Back to Mr. Cronyn's story.

He spent all night working on the script and cut maybe five minutes—which is nothing. The actors could do that themselves by just picking up their cues. "It is uncuttable," he told us.

I came to the same conclusion and, since I dabbled in writing at the time, decided that would be a good standard. With everything I write I try to make each sentence necessary. In Streetcar, every beat in act one has a resonance in act two. The subtle shades of each subplot define the other story elements around them. Mess with one, and you destroy them all.

Of course, I'm sure Mr. Williams went through many drafts to get to that point. Stories aren't born perfect, and few ever grow to be, but with that goal in mind I approach everything I write.

Sure, a good editor will find where I've fallen down, but when they say, "Add something," or, "Cut this," I check it against my inner Hume Cronyn. Is this an improvement? Does it make it better?

If not, and if the editor is with a publishing house, then life becomes difficult ... but that's the subject of another blog.

Friday, February 3, 2012

Playbook for Self-Promotion: The Full Court Press

by Mindy McGinnis

Last month I talked to you about my little basketball players, the self-effacing ones who would rather apologize than box someone out. Some writers aren't comfortable being aggressive about promoting themselves, and there's absolutely nothing wrong with that. For tips on promotion for introverts, check out my earlier post, as well as fellow contributer J. Lea Lopez's advice.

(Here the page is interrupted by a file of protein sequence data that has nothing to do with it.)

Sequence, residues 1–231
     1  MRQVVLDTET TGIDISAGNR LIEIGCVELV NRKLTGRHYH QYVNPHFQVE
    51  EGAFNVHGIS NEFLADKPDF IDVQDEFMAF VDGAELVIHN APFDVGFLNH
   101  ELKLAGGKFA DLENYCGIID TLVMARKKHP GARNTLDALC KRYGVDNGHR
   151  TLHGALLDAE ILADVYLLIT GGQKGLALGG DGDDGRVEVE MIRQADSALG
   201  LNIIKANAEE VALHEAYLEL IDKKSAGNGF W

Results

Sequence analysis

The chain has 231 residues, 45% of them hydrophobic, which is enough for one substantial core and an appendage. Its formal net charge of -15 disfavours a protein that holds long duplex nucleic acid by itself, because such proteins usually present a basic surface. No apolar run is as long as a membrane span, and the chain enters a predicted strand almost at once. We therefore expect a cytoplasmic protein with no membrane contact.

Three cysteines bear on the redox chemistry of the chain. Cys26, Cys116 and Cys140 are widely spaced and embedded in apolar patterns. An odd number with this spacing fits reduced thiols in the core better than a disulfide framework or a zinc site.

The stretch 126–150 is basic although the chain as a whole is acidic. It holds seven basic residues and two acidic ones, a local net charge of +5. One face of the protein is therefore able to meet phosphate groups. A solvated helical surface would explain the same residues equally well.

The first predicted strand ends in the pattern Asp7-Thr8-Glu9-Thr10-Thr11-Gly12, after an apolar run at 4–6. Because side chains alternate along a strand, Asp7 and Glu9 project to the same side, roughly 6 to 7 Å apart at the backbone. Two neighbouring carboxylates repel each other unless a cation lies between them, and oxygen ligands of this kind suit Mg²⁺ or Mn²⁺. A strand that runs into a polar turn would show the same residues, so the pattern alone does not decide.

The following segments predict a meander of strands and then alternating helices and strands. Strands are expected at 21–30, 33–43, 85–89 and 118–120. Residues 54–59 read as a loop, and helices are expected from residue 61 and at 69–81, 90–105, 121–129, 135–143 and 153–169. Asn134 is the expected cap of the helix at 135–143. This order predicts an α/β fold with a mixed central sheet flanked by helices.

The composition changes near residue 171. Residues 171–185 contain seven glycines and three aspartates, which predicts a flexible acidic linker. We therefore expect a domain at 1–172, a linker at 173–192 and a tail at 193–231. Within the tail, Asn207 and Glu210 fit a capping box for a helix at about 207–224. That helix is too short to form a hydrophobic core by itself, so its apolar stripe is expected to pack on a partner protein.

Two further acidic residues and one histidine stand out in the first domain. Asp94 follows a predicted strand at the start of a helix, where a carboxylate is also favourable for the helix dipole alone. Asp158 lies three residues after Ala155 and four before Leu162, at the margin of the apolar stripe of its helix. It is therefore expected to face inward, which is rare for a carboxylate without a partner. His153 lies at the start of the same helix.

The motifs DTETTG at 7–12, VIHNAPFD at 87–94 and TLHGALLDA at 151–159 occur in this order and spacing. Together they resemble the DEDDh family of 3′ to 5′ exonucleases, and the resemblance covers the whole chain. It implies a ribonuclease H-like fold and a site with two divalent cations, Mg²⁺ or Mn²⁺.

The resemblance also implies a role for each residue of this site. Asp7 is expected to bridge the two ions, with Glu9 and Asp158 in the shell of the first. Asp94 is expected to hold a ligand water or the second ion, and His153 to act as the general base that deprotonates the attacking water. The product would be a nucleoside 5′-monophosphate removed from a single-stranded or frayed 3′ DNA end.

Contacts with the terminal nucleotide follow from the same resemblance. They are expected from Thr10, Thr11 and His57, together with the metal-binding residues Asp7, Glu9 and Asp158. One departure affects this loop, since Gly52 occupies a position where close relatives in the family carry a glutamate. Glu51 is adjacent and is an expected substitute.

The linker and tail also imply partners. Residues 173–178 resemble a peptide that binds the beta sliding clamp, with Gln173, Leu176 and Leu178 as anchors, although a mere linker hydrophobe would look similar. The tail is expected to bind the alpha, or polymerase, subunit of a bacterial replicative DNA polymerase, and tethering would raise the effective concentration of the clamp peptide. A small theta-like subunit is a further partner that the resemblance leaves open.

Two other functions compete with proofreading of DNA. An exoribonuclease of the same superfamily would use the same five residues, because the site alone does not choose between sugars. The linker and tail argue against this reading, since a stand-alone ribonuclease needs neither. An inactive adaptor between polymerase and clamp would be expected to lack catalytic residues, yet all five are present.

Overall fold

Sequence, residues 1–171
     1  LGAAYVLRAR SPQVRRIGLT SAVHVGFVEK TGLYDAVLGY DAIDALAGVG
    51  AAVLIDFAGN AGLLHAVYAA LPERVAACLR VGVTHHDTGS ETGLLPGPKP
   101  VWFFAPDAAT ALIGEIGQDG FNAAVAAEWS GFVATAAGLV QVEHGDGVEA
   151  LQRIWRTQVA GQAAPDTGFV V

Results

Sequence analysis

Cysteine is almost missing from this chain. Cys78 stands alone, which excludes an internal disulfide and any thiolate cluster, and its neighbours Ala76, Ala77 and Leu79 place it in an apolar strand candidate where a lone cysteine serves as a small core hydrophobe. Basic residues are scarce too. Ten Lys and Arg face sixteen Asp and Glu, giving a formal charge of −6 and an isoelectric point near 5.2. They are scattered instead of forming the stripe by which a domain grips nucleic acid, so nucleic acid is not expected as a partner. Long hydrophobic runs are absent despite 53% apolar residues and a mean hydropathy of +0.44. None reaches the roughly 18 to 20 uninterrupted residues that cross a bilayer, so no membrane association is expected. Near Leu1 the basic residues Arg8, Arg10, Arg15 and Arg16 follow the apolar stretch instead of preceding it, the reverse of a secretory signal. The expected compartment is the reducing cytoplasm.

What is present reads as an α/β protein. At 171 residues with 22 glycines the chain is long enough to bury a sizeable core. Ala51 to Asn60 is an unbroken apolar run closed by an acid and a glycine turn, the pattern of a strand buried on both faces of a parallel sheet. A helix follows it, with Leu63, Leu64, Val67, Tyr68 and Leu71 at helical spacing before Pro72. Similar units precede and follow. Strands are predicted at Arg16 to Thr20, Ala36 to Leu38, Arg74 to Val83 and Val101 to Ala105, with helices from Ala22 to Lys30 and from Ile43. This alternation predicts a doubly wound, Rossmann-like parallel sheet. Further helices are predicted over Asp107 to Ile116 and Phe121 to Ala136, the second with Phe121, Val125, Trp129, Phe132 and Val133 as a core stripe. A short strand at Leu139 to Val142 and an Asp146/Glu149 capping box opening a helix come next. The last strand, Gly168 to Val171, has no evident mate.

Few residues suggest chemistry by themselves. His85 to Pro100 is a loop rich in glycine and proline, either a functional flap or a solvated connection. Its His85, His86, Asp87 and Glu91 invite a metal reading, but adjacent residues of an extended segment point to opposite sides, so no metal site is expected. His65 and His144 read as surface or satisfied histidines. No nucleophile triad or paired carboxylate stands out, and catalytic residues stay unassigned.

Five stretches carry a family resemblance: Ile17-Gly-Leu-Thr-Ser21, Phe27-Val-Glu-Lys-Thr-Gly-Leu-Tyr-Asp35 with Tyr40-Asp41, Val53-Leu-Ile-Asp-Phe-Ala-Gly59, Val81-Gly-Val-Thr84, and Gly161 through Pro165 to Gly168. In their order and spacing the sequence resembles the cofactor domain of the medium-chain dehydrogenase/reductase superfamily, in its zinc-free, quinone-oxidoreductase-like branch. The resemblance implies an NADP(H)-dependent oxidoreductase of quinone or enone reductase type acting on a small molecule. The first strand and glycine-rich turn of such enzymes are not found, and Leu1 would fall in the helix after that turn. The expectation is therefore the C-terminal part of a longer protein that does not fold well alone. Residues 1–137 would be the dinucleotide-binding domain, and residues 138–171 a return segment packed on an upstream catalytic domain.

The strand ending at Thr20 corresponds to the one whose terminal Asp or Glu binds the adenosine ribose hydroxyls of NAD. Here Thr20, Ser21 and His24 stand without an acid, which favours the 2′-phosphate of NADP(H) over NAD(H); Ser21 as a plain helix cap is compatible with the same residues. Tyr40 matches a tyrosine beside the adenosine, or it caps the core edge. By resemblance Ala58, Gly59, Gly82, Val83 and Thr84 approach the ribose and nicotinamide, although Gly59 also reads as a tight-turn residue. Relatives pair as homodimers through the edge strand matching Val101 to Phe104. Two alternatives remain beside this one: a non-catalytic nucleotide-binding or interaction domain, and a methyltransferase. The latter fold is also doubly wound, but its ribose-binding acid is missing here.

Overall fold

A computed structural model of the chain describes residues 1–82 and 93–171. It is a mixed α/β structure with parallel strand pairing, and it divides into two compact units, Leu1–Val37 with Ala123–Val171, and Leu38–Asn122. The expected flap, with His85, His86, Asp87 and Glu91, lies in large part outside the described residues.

Today I want to talk to you about the full court press of self-promotion, getting up in their faces and waving your arms around so they can't NOT see you. Keep in mind, even when you choose to take the more aggressive approach, moderation is key. If you send 250 tweets in one day that are all links to your blog / book / or headshot of you looking *really* attractive, the only thing you're going to do is irritate people. You're like the chick who screams, "Ball, Ball, Ball, Ball," when she's trying to stop the offense from throwing in-bounds. It might draw attention to her, but she also looks like an ass.

Moderation is key, my friends. In all things. For more tips on how not to be an ass, check out fellow FTWA'er Pete Morin's PSA on Spam.

That being said—I'm going to talk to you like a coach now, so be prepared to get your feathers ruffled in the locker room, and remember that the aim is to make you a better player, not insult you personally. The standard excuses are in italics, my retort in bold, then follows a parenthetical reason why I'm quite possibly wrong. I had a coach once who made no bones about when a loss was on his head rather than ours, and I've always respected that.

1) Blog. Just do it. What if I don't have any followers and it looks like I'm unpopular? If you're scared of rejection, this isn't the industry for you. What would I blog about? Are you a writer or aren't you?

(How I could be wrong—if you truly think you would suck at blogging, don't do it. A non-existent blog is better than a half-assed one that is only updated a few times a year, with the only intent of the post being to make sure the blog has been updated that year.)

2) Tweet. Just do it. Excuses and retorts same as above.

(How I could be wrong—if you're positive the only tweets you have to share with the world are the aforementioned 250 posts a day with self-aggrandizing links, yeah don't do that.)

3) Facebook Author Page. Just do it. But I don't know how to use Facebook! Learn. I don't have anything to say! Use Networked Blogs to auto-feed your blog posts there, it's something at least, and not hard to do.

(How I could be wrong—Er ... uh, don't go looking for a Mindy McGinnis FB author page just yet.)

4) Join author groups, crit sessions and networks. Just do it. But I don't like other human beings! Get over it. I don't like to talk in public! Figure out how.

(How I could be wrong—if you're going to clam up or emit a stream of "Uh's..." and "Likes..." then don't do it, or at least, take some classes on public speaking.)